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On moonlight

By Christopher Andreae / January 7, 1980



Great painters of moonlight are few and far between. Elsheimer, Samuel Palmer, Van Gogh -- who else? The list is extraordinarily short. But certainly the American 19th-century romantic, Albert Pinkham Ryder, must be included. What Ryder uniquely found in moonlight was a total change in forms that might be quite familiar or unexceptional in sunlight. Moonlight is full of hints of the unknown, the unexpected, the unexplored -- good material for an artist who said he was "trying to find something out there beyond the place on which I have a footing."

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"Moonlight Cove," on one level, is a kind of thrilling boy's story picture -- full of exciting mysteriousness and the likelihood of smuggling exploits and other dark melodramas. Narrative is never far from Ryder's imagination. But on a perceptive level, this picture, along with many of his nighttime paintings -- in which the paint is as thick as the feeling is intense -- is profoundly true as an image or memory of moon-effect.

It might be complained that it is difficult, even impossible, to see this picture in reproduction. One could add that in the original it is no less obscure because of the cracked condition of the paint. But we must realize that a kind of obscurity is what Ryder is concerned to paint. What he depicts as visible and present is in itself something difficult to see, an impene[Word Illegible] darkness. Photographic reproduction in monochrome [Word Illegible] lost the large, odd formation of the clouds -- the ocean deeps -- the almost invisible hull of the boat, indistinguishable from its shadow/reflection, the looming, whalelike land mass -- even the heightened atmosphere.Everything resolves into a few strange, bold silhouettes, through which that indefinable, pervasive moon-brightness breaks. Everything is a contrast of dark and light, all detail is swallowed in the unrecognizable forms, the pallid and intense quality of the all-but-colorless light.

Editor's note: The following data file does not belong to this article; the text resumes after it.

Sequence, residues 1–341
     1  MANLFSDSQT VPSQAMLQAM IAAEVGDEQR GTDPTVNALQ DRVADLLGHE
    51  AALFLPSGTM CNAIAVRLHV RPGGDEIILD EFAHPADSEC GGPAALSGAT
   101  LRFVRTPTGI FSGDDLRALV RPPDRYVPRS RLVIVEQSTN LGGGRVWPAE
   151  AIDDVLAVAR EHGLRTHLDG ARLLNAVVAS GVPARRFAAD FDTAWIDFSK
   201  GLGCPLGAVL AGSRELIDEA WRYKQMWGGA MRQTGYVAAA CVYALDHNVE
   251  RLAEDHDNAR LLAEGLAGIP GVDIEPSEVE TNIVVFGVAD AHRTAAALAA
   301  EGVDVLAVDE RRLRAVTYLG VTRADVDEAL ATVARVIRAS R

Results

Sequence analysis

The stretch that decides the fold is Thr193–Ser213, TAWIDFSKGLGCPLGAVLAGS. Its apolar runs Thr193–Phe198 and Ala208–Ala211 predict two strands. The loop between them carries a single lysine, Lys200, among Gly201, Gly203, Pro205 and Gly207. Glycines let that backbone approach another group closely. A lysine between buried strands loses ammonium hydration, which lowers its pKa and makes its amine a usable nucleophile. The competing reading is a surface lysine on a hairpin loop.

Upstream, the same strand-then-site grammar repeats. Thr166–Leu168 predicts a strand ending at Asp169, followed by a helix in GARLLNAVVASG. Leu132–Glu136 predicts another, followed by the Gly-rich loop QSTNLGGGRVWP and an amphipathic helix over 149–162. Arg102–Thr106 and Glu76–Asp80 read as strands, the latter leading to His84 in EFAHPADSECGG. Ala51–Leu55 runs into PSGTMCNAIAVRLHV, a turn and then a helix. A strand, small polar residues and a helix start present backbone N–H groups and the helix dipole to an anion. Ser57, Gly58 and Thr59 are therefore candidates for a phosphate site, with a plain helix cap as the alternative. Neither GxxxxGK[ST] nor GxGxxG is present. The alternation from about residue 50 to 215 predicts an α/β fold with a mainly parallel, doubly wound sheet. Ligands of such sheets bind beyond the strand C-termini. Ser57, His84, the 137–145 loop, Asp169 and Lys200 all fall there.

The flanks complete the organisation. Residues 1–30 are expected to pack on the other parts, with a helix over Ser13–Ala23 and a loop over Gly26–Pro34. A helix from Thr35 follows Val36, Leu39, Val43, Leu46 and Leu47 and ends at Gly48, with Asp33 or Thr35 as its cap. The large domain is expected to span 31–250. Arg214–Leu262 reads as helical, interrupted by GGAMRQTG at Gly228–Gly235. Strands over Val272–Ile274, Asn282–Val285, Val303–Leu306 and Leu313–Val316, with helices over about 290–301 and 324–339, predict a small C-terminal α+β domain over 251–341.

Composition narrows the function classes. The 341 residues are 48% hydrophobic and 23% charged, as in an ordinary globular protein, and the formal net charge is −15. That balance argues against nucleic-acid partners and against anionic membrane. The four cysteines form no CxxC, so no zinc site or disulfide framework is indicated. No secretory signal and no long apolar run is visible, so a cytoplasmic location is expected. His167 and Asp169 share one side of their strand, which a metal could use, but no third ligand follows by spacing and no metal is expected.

Moonlight is a kind of nonlight, but it does have its own specific, observable qualities. Ryder is recorded as having walked around at night, moon-studying in New York. For him the moon was the same in Bronx Park as it would have been in the imaginative context of Wagnerian opera or Shakespearean verse. He'd take the ferry to New Jersey when the moon was full, and walk all night, returning, in his words, "soaked in moonlight."

His paintings of moonlight, like Palmer's and Van Gogh's, are visionary. They have the character of dream and memory. It is difficult, after all, if not impossible, to sit down and make direct paintings of the moon, as Monet painting his haystacks.

Perhaps this is one reason the Impressionists were not moon painters. But Ryder seems, nevertheless, notably accurate in his evocation of moonlight. Above all, it perfectly suited his aim -- as he explained -- not to become "the slave of detail" and to "express his thought . . . not the surface of it."

"What," he asked, "avails a storm cloud accurate in form and color if the storm is not therein?" Somehow he persuades us that the moon is also undoubtedly inm his pictures of it.